Retailers’ holiday promotions and a shift in consumer buying habits generates heavy demand for Monday deliveries by FedEx.
Social media may be hot, but consumers prefer to get their store promotions via e-mail.
Social media may be hot, but consumers prefer to get their store promotions via e-mail, a new study finds.
The survey by CrossView, a retail technology specialist whose clients include multichannel retailers Advance Auto Parts and Moosejaw, polled 160 shoppers across four states—North Carolina, Ohio, Illinois and Kansas—and found that 39% prefer receiving promotions via e-mail compared with 9% who would rather have them delivered via social media such as a Facebook page. 64% of those polled were female and 36% were male.
But even those who receive promotions say the offers won’t necessarily prompt them to visit a bricks-and-mortar store. Just 35% of shoppers were visiting a store because of a promotion. Of those, the most common type of promotion was direct mail. None visited a store because of a promotion received via social media such as Facebook or Twitter. 4% had received a promotion via text message, 29% from in-store resources, 32% via the mail, 27% via e-mail and 9% in another way.
While a promotion may not be the driving force behind a store visit, an offer can have an impact, the study finds. 68% of those polled who did not receive a promotion say they would have been more likely to visit because of a promotion. The rest said a promotion wouldn’t have an impact.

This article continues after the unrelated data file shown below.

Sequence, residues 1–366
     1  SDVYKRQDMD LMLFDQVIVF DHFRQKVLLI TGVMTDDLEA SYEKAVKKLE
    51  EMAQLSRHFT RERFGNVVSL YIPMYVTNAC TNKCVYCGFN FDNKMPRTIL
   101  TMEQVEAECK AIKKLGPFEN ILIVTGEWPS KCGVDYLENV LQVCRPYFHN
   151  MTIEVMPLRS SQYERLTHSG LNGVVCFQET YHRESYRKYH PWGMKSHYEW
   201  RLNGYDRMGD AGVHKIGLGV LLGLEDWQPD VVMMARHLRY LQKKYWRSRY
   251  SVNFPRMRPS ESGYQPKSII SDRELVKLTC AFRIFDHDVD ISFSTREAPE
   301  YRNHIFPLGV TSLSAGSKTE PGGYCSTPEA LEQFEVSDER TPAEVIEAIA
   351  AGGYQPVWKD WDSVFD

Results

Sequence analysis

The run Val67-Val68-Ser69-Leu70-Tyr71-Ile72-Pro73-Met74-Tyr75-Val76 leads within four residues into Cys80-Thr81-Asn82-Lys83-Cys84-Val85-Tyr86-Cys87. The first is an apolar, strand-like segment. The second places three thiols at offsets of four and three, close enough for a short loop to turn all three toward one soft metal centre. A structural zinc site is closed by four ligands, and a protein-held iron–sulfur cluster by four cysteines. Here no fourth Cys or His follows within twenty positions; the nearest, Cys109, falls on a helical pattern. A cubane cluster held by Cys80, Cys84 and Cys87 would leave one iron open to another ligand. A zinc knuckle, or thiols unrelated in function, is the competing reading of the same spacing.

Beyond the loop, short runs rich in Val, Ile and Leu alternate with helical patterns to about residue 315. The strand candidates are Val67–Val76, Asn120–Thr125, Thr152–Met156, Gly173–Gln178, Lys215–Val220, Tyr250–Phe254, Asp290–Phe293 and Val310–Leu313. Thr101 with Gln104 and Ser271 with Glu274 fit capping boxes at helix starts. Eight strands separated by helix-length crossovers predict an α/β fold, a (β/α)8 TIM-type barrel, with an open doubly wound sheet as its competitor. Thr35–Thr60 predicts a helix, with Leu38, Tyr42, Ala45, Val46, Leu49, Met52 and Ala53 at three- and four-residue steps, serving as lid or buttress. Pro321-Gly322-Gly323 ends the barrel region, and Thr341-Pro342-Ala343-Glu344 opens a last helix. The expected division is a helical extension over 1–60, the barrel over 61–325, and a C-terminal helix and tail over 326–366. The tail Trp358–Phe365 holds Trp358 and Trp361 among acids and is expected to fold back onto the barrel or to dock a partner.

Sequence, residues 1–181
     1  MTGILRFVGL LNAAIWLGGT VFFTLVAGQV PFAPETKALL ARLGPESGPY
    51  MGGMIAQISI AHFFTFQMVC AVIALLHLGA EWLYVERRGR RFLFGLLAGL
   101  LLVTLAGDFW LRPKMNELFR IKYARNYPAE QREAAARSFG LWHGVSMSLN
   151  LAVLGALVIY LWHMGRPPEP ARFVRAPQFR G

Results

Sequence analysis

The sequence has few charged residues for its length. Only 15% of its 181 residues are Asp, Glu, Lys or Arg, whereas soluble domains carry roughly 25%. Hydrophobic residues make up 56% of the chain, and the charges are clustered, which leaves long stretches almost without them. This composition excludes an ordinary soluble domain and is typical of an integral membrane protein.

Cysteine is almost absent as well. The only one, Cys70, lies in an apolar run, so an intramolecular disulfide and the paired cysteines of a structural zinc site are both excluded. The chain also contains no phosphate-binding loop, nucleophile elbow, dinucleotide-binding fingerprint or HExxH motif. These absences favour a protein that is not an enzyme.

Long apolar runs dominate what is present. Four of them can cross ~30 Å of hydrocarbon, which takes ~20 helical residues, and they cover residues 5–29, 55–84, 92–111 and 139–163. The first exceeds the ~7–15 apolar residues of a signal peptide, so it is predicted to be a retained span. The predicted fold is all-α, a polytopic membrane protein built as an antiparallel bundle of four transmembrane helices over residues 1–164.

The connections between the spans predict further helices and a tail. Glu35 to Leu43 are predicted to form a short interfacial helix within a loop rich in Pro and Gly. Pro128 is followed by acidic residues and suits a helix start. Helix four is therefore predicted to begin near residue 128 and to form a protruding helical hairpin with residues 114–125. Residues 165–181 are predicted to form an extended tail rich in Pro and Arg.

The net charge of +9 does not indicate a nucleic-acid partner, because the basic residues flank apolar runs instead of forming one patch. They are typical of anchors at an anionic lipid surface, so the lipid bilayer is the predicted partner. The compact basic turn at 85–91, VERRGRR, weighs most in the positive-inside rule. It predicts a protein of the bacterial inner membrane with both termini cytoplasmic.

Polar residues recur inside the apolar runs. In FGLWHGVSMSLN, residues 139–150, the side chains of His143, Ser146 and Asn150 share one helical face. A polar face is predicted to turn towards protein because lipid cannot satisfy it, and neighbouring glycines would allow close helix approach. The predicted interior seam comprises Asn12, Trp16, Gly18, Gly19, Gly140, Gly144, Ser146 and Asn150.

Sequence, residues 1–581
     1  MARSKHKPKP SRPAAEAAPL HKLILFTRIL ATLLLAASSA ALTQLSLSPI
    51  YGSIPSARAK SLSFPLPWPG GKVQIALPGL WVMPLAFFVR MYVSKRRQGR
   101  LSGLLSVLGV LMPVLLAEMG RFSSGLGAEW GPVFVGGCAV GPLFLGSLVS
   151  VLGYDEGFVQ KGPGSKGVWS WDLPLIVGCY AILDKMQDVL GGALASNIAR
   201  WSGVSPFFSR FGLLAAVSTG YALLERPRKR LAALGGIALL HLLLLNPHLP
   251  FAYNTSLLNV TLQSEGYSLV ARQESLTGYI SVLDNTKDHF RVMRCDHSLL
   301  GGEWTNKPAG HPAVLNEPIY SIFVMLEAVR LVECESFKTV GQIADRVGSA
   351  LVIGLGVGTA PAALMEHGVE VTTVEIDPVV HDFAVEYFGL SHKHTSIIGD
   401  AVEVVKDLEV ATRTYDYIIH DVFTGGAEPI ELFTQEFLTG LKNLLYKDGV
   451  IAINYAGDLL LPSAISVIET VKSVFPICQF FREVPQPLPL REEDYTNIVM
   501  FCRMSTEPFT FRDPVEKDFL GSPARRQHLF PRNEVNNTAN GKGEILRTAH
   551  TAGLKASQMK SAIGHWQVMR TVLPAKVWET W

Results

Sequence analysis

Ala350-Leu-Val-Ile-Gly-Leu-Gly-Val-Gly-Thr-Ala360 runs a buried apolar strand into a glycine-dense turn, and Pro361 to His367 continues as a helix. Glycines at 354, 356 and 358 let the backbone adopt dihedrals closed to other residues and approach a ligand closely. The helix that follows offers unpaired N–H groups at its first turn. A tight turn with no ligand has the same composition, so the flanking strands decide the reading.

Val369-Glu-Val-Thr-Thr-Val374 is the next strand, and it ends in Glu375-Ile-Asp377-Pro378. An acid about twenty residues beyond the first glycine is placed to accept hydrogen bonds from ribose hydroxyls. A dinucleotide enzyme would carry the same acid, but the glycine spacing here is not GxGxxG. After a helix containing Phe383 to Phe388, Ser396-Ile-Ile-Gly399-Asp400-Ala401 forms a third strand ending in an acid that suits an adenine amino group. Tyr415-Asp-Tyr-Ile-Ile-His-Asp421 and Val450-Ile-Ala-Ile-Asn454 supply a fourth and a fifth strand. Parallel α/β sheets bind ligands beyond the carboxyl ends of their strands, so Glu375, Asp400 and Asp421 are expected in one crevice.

39% said they would like to receive new product information in promotions, 16% requested store opening and closing notices, 12%, discounts and coupons, and 33% preferred no information.
While e-mail ranked first as the preferred method to get promotions, and social media was the least preferred category, 18% said they would like text message offers, 11% in-store offers, 23% mail offers.
“Consumers are also people, and social networks are more about expressiveness and connectedness than they are about shopping,” says Paula Rosenblum a managing partner at research and advisory firm Retail Systems Research. “Hence, promotions can come off as an intrusion and space waster.”
Steve Rowan, also a managing partner at RSR, says consumers are constantly connected to e-mail and not necessarily social networks. “I’m on e-mail all day, and I always have my iPhone with me at every store I walk into. If there’s a promotion via e-mail, it’s right there local to my phone at any time—no connecting to a slow-as-can-be 3G network and trying to navigate through Facebook,” Rowan says. “That said, I know there are lots of people who are connected to Facebook all day.”
Despite consumers favoring e-mail over social networks for offers, vendors are jumping to offer ways for retailers to serve up promotions on social networks. For example, Context Optional offers a service that enables retailers to offer their Facebook fans coupons directly in their newsfeeds on the network. T-shirt retailer Threadless is considering using the promotion program as a way to collect data about shoppers. It may request information such as a consumer’s e-mail address before it will offer the coupon, the retailer says.
Cosmetics retailer Sephora is combining social media and e-mail by announcing in an e-mail its presence on Facebook. It includes examples of the advice and sharing consumers can get if they become fans, retail consultancy The E-tailing Group says. Balancing this message is a 15% off coupon for use in-store or online.